In the quest for carbon-free hydrogen production, electrolysis emerges as a promising solution.
This process hinges on utilizing electricity to divide water into hydrogen and oxygen, and it takes place within a device known as an electrolyzer.
These electrolyzers vary in size, ranging from compact, appliance-sized units ideal for localized hydrogen production, to extensive central facilities seamlessly integrated with renewable or other non-greenhouse-gas-emitting electricity generation.
Understanding the Mechanism
Much like fuel cells, electrolyzers comprise an anode and a cathode separated by an electrolyte. The type of electrolyzer depends on the specific electrolyte material and the ionic species it conducts.
Polymer Electrolyte Membrane Electrolyzers (PEM)
In this type of Electrolyzer, a solid specialty plastic serves as the electrolyte. Water reacts at the anode, yielding oxygen and positively charged hydrogen ions.
These electrons travel through an external circuit, while the hydrogen ions selectively migrate across the PEM to the cathode. There, they combine with electrons from the external circuit to form hydrogen gas.
Alkaline Electrolyzers operate by transporting hydroxide ions (OH-) through the electrolyte from cathode to anode, generating hydrogen on the cathode side. Alkaline electrolyzers that utilize a liquid alkaline solution of sodium or potassium hydroxide have been commercially available for years. Meanwhile, novel approaches involving solid alkaline exchange membranes (AEM) as the electrolyte show promise at the lab scale.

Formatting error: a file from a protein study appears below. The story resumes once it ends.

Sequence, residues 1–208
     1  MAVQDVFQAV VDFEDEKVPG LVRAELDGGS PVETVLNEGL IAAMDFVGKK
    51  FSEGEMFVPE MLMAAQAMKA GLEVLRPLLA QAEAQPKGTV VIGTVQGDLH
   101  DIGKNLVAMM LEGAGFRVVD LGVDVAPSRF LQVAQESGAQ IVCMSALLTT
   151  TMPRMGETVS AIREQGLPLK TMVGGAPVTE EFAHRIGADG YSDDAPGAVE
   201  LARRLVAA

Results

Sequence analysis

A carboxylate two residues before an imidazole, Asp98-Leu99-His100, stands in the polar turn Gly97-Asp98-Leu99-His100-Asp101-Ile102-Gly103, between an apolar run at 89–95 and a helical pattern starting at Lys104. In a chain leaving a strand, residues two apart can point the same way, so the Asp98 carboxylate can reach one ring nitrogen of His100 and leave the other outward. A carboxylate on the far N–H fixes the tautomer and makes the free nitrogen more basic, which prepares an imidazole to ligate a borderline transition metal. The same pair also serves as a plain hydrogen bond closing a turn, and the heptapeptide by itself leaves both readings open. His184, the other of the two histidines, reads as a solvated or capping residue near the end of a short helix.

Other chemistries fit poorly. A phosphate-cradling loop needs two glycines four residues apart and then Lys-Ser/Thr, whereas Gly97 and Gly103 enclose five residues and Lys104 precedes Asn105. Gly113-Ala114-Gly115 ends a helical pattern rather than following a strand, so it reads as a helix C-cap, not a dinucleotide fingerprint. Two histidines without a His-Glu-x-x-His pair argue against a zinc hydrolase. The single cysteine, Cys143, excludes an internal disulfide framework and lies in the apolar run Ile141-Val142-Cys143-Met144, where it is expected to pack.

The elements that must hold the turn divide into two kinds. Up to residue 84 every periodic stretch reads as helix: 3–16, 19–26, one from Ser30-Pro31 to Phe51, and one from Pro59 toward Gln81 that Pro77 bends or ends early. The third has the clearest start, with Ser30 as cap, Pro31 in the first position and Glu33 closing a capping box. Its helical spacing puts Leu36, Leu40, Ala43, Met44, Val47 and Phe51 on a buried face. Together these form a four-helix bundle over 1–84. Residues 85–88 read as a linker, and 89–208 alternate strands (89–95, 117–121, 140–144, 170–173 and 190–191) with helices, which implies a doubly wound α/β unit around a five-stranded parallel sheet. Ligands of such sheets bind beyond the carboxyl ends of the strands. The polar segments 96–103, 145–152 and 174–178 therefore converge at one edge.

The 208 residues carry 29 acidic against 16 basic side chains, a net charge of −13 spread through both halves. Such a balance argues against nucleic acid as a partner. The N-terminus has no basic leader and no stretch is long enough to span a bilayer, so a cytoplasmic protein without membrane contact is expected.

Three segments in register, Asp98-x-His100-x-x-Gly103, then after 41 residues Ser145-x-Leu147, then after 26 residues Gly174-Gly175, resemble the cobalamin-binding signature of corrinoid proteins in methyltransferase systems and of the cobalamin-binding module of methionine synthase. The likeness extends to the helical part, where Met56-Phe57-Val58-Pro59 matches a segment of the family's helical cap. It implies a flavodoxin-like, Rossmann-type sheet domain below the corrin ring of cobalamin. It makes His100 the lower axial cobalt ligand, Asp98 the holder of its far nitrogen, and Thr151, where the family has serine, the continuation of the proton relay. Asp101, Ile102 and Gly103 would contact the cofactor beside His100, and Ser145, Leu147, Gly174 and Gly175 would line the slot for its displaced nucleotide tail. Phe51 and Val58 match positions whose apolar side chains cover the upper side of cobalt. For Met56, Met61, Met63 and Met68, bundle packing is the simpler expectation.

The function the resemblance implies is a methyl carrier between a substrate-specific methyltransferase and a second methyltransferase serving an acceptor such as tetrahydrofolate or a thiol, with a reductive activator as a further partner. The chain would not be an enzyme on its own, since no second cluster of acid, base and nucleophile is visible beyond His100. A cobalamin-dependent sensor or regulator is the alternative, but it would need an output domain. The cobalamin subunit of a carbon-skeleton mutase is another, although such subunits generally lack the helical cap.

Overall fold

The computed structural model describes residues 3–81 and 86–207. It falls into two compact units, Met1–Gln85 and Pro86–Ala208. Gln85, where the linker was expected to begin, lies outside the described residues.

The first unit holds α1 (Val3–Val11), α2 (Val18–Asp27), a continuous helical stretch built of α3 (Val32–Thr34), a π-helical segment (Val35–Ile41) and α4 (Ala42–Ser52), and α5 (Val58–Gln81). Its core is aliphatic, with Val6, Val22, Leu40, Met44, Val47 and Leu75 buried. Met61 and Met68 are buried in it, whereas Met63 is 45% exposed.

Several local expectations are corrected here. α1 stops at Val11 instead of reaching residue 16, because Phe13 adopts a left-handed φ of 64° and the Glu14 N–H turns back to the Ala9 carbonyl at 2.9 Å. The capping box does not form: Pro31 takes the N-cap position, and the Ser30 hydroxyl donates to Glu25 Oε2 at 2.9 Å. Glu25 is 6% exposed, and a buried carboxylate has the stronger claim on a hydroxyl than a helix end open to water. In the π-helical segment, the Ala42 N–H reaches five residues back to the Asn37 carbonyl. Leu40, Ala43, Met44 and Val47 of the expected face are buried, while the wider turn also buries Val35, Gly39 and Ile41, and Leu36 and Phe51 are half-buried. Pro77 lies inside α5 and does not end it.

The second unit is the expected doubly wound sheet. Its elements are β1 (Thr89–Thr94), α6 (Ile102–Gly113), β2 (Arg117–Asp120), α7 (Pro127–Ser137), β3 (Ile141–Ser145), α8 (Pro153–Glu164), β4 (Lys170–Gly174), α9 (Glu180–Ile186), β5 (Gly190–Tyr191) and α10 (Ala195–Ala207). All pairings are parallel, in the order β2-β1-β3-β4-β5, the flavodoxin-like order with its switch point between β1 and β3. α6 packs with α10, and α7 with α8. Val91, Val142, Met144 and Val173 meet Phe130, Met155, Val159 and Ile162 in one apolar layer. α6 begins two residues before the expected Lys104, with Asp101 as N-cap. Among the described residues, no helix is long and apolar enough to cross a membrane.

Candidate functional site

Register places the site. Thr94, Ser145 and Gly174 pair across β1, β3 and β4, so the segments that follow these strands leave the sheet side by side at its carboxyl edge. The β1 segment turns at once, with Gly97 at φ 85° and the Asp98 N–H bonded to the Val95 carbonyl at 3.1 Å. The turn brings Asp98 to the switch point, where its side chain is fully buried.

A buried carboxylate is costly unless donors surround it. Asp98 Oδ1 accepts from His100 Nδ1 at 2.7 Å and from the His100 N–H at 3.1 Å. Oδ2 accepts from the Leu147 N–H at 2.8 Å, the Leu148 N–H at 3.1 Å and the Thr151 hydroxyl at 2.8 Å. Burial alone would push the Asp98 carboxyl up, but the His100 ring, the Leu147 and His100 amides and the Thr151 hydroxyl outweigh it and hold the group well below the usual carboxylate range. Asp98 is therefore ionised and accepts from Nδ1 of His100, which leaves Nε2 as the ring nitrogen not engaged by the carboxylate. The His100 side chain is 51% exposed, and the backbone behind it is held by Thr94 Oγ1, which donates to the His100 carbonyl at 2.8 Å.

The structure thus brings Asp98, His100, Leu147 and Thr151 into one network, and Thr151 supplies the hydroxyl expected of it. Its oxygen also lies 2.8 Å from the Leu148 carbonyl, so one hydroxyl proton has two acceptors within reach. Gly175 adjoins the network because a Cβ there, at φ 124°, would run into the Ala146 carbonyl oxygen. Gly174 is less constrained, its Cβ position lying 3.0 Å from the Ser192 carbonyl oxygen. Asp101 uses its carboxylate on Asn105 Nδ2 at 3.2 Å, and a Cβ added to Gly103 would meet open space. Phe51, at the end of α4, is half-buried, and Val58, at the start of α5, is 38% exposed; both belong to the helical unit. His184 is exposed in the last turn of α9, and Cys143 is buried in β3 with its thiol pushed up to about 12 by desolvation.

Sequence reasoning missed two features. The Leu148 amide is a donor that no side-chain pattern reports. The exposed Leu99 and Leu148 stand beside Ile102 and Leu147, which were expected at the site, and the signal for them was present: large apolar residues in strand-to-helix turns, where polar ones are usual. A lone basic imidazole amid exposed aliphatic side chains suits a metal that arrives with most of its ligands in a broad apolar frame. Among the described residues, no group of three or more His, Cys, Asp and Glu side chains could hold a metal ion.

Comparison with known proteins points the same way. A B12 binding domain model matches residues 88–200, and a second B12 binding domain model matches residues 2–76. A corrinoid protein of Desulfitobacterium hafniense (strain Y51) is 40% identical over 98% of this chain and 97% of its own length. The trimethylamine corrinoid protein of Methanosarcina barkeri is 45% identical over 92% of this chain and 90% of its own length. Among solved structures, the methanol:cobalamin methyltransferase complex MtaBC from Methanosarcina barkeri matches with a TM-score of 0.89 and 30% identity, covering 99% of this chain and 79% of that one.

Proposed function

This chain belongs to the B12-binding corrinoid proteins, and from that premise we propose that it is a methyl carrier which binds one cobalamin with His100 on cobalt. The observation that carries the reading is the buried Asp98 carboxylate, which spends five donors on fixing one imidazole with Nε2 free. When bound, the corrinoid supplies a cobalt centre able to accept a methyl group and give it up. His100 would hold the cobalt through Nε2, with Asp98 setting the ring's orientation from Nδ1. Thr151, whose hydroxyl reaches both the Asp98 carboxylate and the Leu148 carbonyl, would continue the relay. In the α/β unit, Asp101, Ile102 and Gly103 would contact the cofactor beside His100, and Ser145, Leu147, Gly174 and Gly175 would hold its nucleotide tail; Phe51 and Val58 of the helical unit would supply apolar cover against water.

Solid Oxide Electrolyzers
Solid Oxide Electrolyzers employ a solid ceramic material as the electrolyte, selectively conducting negatively charged oxygen ions (O2-) at elevated temperatures. Steam at the cathode combines with electrons to produce hydrogen gas, while oxygen ions pass through the solid ceramic membrane. There, the oxygen ions react at the anode, forming oxygen gas and generating electrons for the external circuit.
Synergizing with Renewable Energy
While today’s power grids in many regions may not be optimal for electrolysis due to greenhouse gas emissions and low efficiency, the process shows promise with renewable (wind, solar, hydro, geothermal) and nuclear energy sources.
These pathways offer almost zero greenhouse gas emissions, yet production costs must decrease to compete with established carbon-based methods.
Electrolysis presents an opportunity for synergy with dynamic and intermittent renewable energy generation. By integrating hydrogen production with wind farms, excess electricity can be channeled into electrolysis rather than being curtailed.
This integration allows for flexibility in production to align with resource availability and market conditions, further bolstering the case for electrolysis as a key player in a sustainable energy future.